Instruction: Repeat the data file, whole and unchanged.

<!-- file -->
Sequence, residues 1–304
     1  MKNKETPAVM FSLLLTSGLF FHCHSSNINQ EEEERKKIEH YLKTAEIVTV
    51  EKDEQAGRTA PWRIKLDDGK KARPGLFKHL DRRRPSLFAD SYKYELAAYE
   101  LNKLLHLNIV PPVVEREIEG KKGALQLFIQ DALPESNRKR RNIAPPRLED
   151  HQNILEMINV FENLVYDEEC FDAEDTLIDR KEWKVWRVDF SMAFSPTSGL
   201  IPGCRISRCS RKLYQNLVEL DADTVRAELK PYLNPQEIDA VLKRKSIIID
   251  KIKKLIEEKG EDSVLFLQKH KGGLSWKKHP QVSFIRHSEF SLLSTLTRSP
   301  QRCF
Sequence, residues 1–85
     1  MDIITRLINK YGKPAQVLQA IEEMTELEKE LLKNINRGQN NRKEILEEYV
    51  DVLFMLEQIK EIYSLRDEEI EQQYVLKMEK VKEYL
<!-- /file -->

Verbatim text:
Sequence, residues 1–304
     1  MKNKETPAVM FSLLLTSGLF FHCHSSNINQ EEEERKKIEH YLKTAEIVTV
    51  EKDEQAGRTA PWRIKLDDGK KARPGLFKHL DRRRPSLFAD SYKYELAAYE
   101  LNKLLHLNIV PPVVEREIEG KKGALQLFIQ DALPESNRKR RNIAPPRLED
   151  HQNILEMINV FENLVYDEEC FDAEDTLIDR KEWKVWRVDF SMAFSPTSGL
   201  IPGCRISRCS RKLYQNLVEL DADTVRAELK PYLNPQEIDA VLKRKSIIID
   251  KIKKLIEEKG EDSVLFLQKH KGGLSWKKHP QVSFIRHSEF SLLSTLTRSP
   301  QRCF
Sequence, residues 1–85
     1  MDIITRLINK YGKPAQVLQA IEEMTELEKE LLKNINRGQN NRKEILEEYV
    51  DVLFMLEQIK EIYSLRDEEI EQQYVLKMEK VKEYL